The offshore industry is going through an unprecedented digital disruption that transcends asset classes and is creating a roadmap to safer and more cost-effective operations.
The current face of that transition is the ‘digital twin’, a virtual replica of physical assets, processes and systems that ultimately will be used by owners to predict failures before they happen and make production more reliable.
The technologies that enable advanced data analytics – such as artificial intelligence, machine learning, streaming analytics and parallel processing power – have matured to the point that huge volumes of data now can be cleaned and analyzed in near real-time, rather than days. The offshore industry has always produced a lot of data; simply put, processing it has become a far more time- and cost-effective process.
Ongoing pilot projects – with rig and platform builders and operators, offshore supply companies and the floating production, storage and offloading unit (FPSO) community – are currently performing the type of real-time data analyses that improve asset reliability, safety, drilling efficiency and well production. They are proving that asset downtime can be reliably reduced.
It’s a common joke among data specialists working in the offshore sector that you can ask 10 people in a room to describe a digital twin and you will get 20 definitions. That may be because the elements that make up a digital twin are bespoke to why it is being built – i.e., the purpose for which the asset owner is building it.
At its heart, a digital twin is a virtual condition model of an asset on which simulations can be run to improve/predict operational characteristics without having to physically affect the asset.
The virtual asset’s scale – whether it represents a simple component or complex marine ecosystem – detail (will every bracket on the rig be modeled and its condition tracked?) and the frequency at which it is to be updated determines the complexity of the model.
Once the scale is decided, the owner then defines the analytical capabilities of the condition model; will operational decision-making be improved by real-time data-based analytics, predictive analytics, physics-based analytics, finite element analysis, etc.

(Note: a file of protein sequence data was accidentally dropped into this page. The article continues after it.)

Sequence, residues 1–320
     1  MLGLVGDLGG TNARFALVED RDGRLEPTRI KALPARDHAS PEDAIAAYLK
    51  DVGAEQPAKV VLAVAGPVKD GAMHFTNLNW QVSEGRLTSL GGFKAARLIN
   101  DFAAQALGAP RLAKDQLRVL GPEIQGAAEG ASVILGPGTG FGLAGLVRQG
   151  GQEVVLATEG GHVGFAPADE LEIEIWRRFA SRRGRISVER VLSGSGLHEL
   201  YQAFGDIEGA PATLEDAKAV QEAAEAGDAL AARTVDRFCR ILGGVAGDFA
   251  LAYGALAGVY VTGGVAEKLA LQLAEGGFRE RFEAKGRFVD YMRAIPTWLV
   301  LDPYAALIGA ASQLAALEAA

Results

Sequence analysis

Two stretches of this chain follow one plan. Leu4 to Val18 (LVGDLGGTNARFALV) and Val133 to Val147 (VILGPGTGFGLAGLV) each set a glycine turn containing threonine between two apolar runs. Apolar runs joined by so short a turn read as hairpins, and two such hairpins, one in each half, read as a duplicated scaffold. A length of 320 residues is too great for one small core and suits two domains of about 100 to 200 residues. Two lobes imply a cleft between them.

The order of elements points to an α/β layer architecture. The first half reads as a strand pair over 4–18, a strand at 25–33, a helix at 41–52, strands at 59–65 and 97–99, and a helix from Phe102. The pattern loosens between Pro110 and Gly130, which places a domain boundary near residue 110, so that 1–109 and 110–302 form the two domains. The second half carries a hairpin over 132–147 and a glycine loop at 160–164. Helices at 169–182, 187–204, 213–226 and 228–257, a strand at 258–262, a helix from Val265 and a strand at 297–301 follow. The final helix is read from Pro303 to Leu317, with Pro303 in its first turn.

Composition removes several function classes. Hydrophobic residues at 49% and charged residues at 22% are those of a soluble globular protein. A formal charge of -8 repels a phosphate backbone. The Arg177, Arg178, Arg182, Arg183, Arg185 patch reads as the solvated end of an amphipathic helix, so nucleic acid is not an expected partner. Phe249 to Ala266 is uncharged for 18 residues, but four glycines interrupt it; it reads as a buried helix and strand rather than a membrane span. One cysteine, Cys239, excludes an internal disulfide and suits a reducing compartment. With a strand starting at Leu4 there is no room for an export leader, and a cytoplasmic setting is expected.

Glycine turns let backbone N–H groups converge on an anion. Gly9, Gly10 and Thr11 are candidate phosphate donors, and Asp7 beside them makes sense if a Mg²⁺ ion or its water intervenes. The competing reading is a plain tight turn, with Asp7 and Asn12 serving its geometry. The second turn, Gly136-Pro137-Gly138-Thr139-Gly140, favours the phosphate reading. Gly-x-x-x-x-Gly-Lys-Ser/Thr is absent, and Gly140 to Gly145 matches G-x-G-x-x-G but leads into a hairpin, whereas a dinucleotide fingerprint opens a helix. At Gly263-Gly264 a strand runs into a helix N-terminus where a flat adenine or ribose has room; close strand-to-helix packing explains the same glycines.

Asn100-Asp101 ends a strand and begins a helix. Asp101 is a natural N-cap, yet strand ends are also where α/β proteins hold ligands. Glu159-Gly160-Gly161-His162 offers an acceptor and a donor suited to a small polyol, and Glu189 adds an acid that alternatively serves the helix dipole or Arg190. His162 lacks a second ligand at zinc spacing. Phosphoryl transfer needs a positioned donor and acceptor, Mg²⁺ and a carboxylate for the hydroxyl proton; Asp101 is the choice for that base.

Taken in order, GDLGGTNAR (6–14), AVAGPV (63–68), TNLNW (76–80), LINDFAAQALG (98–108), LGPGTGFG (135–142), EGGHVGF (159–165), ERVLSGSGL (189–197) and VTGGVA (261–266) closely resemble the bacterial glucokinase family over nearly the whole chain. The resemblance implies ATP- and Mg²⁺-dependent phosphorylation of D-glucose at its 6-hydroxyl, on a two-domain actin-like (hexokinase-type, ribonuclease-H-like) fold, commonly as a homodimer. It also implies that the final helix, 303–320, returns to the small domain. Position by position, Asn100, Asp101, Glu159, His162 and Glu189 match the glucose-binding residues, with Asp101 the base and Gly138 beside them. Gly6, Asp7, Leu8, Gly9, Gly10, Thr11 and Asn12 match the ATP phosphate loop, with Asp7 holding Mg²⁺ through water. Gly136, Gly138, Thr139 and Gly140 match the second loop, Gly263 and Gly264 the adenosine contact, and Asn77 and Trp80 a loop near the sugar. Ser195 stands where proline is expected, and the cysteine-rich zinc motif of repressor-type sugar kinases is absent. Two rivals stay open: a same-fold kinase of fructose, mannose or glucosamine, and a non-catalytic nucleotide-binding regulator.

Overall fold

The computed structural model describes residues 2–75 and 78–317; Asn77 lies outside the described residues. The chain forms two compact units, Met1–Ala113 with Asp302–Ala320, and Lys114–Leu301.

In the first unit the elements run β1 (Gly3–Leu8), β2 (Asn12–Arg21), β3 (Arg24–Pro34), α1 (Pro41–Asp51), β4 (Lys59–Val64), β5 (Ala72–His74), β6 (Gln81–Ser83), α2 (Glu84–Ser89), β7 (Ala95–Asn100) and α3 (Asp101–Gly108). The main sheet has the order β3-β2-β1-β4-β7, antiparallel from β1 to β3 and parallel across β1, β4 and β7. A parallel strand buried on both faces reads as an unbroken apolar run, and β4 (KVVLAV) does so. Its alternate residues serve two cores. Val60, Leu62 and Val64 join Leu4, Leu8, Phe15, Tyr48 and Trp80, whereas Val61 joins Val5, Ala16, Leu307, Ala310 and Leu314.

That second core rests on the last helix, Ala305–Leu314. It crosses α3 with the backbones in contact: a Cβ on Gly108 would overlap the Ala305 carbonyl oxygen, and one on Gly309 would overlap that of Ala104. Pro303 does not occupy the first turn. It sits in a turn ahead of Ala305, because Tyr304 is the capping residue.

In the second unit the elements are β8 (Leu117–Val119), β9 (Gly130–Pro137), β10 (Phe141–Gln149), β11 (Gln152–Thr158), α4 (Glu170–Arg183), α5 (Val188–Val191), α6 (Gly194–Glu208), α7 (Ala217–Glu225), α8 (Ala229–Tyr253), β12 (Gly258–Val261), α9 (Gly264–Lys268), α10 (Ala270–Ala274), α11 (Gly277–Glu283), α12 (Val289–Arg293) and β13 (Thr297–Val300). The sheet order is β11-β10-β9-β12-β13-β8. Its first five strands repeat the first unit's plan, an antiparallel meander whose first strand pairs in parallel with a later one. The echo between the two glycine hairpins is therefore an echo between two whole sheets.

To some degree, classification societies have been working with their clients on basic digital twins for some time. But rapid recent advances in computational power have allowed the scope of those models to be aggressively expanded.
Progressive owners now have the power to expand the scope of the assets they choose to model from equipment and subsystems to an entire rig, platform or floating production system and their wider ecosystems.
This is a significant step forward. Why? Because an asset’s performance is less determined by how well its pumps or top-drives working in silo than by how the equipment and components collectively perform within their environment, and how that impacts overall operations.
As the technologies advance, the scope of digital twins is taking on the shape of the entire ecosystem, including the human element; it is now possible to calculate models to determine what the impact of the performance of a component will be on the people operating on a rig, FPSO or platform.
When that becomes a reality, owners will be able to virtually represent what will happen to the performance of their assets in various operating environments. Adjusting the performance of complex assets in real time requires engineering, physics and machine-learning elements to be fully instrumented, and the data-processing power to support live analyses. Now that is possible.
Most of the findings from the offshore pilots currently exploring the industry applications for digital twins have yet to be released. But first-mover marine applications are already showing great promise.
ABS recently released the preliminary findings from a project with Military Sealift Command (MSC), a division of the U.S. Navy, in which MSC implemented digital-twin technology to improve operational readiness, optimize maintenance and minimize unplanned failures for the ships involved in the pilot.
Class societies such as ABS have been building the capabilities to help their clients capitalize on the digital revolution – including the opportunities that arise from disruption – for some time. On the human level, the traditional class workforce of engineers and naval architects has gradually been blended with systems engineers, cyber engineers, risk engineers, data analysts and data scientists.
As the current projects suggest, class now has the capability to ingest unprecedented amounts of raw structured and unstructured data – improving the data quality as it comes in – to undertake not only performance analyses, but also the anomaly detection that is at the heart of predictive analytics.
ABS is now transforming this experience into models that can be dropped onto a digital twin of any scale and ultimately help offshore owners to improve the performance of their assets by better predicting and mitigating potential safety issues.
Condition-based monitoring is a prerequisite to condition-based maintenance. Aside from fulfilling a mandate to provide independent technical advice to asset owners in the offshore industry, a transition to condition-based maintenance will simultaneously reduce the intrusiveness of class by uncoupling its requirements from rigid calendar-based regimes.